By Samuel Taylor Coleridge
All look and likeness caught from earth,
All accident of kin and birth,
Had pass'd away. There was no trace
Of aught on that illumined face,
Upraised beneath the rifted stone,
But of one spirit all her own;--
She, she herself, and only she,
Shone through her body visibly.
The Knights Tomb
Where is the grave of Sir Arthur O'Kellyn?
Where may the grave of that good man be?—
By the side of a spring, on the breast of Helvellyn,
Under the twigs of a young birch tree!
The oak that in summer was sweet to hear,
And rustled its leaves in the fall of the year,
And whistled and roared in the winter alone,
Is gone,—and the birch in its stead is grown.—
The Knight's bones are dust,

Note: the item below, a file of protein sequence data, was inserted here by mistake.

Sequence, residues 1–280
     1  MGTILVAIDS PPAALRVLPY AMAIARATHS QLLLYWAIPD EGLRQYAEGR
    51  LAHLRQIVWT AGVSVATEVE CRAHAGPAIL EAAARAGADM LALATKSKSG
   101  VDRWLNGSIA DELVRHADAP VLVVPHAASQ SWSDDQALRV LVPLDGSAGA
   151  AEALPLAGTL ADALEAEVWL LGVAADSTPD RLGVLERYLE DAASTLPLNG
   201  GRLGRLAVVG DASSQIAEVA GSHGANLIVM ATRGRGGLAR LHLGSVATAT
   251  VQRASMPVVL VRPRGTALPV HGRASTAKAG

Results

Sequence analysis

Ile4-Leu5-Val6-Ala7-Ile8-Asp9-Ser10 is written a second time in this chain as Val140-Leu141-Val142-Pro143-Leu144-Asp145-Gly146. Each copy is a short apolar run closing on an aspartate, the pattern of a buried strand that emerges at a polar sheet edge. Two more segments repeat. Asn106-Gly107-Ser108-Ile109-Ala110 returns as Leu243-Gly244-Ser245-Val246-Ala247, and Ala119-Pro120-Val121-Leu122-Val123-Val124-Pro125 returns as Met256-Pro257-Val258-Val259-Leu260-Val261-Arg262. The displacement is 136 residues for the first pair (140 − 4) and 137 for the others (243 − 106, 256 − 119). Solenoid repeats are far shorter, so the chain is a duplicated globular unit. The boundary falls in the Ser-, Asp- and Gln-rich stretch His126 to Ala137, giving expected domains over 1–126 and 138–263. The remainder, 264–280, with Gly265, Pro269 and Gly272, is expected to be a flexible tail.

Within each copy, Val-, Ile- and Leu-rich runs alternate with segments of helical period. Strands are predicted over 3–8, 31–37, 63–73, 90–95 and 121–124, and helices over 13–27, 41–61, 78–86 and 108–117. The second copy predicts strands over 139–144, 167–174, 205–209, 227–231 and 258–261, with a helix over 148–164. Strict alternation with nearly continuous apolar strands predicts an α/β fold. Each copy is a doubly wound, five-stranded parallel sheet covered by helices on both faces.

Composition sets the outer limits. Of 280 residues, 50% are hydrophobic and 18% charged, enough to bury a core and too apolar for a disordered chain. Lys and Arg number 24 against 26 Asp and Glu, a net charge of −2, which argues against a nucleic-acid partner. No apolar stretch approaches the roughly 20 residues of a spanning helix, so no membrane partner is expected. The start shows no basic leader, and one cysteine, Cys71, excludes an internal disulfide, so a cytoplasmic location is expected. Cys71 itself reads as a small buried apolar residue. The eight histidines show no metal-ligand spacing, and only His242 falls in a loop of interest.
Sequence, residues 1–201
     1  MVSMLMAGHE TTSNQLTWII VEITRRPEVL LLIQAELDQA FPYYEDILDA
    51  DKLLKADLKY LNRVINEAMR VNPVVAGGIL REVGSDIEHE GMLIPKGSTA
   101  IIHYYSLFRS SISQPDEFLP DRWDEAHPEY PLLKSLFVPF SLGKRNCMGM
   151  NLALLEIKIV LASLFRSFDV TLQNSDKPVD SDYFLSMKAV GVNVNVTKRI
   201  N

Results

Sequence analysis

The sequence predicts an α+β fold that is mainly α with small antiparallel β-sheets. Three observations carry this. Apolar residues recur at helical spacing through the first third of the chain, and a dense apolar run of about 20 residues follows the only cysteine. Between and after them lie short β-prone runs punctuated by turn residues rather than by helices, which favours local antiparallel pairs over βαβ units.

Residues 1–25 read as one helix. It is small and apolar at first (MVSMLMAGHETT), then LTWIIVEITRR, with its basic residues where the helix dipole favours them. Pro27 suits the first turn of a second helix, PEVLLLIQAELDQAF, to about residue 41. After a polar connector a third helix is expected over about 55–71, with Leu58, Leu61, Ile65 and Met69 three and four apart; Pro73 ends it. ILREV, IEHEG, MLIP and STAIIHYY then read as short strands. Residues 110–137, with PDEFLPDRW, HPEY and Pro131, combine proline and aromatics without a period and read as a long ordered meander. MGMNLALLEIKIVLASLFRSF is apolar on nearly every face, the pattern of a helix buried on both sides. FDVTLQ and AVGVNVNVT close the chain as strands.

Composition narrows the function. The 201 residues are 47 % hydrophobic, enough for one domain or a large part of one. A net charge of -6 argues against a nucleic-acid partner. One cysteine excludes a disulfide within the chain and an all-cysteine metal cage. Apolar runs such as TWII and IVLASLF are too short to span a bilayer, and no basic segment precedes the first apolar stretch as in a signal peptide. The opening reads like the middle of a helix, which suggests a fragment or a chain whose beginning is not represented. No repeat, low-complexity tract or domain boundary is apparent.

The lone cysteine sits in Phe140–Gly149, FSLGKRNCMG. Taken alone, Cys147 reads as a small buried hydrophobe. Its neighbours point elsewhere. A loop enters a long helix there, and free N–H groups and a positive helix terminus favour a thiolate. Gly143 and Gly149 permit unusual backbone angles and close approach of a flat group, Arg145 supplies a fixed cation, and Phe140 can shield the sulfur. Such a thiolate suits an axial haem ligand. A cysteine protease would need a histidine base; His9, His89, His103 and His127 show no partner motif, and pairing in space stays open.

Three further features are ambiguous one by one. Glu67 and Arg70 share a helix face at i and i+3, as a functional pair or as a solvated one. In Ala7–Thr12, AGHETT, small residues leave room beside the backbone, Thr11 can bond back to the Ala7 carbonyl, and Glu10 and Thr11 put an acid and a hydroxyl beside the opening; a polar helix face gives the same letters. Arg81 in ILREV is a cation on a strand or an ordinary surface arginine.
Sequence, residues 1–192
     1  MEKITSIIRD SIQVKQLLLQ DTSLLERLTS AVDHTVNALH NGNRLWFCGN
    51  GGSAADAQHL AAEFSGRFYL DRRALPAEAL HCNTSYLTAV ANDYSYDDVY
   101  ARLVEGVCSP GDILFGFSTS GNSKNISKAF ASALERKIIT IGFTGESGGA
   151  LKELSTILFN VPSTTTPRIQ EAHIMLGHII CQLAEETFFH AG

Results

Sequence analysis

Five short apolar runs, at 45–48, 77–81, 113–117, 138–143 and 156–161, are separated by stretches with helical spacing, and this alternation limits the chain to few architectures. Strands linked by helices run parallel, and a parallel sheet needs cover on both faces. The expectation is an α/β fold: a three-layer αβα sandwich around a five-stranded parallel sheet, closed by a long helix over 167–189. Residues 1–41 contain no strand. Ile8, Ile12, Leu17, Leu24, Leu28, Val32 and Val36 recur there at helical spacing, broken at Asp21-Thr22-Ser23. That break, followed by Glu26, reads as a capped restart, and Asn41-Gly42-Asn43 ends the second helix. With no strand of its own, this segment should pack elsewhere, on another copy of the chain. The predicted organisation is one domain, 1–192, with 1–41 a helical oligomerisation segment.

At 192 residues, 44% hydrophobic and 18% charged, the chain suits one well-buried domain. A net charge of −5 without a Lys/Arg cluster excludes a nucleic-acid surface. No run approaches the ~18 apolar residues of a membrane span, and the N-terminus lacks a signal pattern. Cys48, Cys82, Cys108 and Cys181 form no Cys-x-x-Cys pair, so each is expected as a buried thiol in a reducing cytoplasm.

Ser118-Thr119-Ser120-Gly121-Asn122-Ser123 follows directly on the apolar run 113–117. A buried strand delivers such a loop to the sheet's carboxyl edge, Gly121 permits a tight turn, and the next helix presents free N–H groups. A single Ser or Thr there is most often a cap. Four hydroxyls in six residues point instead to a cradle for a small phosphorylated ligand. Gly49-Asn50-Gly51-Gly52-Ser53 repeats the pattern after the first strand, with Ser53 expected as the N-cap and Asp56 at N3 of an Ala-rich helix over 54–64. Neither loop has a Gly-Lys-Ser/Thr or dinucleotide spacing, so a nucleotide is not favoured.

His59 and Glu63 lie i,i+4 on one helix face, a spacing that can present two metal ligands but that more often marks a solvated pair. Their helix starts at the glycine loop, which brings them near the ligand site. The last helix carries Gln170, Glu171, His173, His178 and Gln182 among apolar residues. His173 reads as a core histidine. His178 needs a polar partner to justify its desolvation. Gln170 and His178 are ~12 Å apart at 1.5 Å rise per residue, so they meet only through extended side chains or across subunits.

And his good sword rust;—
His soul is with the saints, I trust.4q2
Soething Childish But Very Natural
Written in Germany
If I had but two little wings
And were a little feathery bird,
To you I'd fly, my dear!
But thoughts like these are idle things,
And I stay here.
But in my sleep to you I fly:
I'm always with you in my sleep!
The world is all one's own.
But then one wakes, and where am I?
All, all alone.
Sleep stays not, though a monarch bids:
So I love to wake ere break of day:
For though my sleep be gone,
Yet while 'tis dark, one shuts one's lids,And still dreams on
Samuel Taylor Coleridge
Born:Oct 21 1772 He was the youngest sun out of 14 kids.
Died:1833 in January.
He was born in England Samuel Taylor Coleridge had four kids. His wife's name was Anne Coleridge.Leader of British romantic movement. He made a poem with his friend.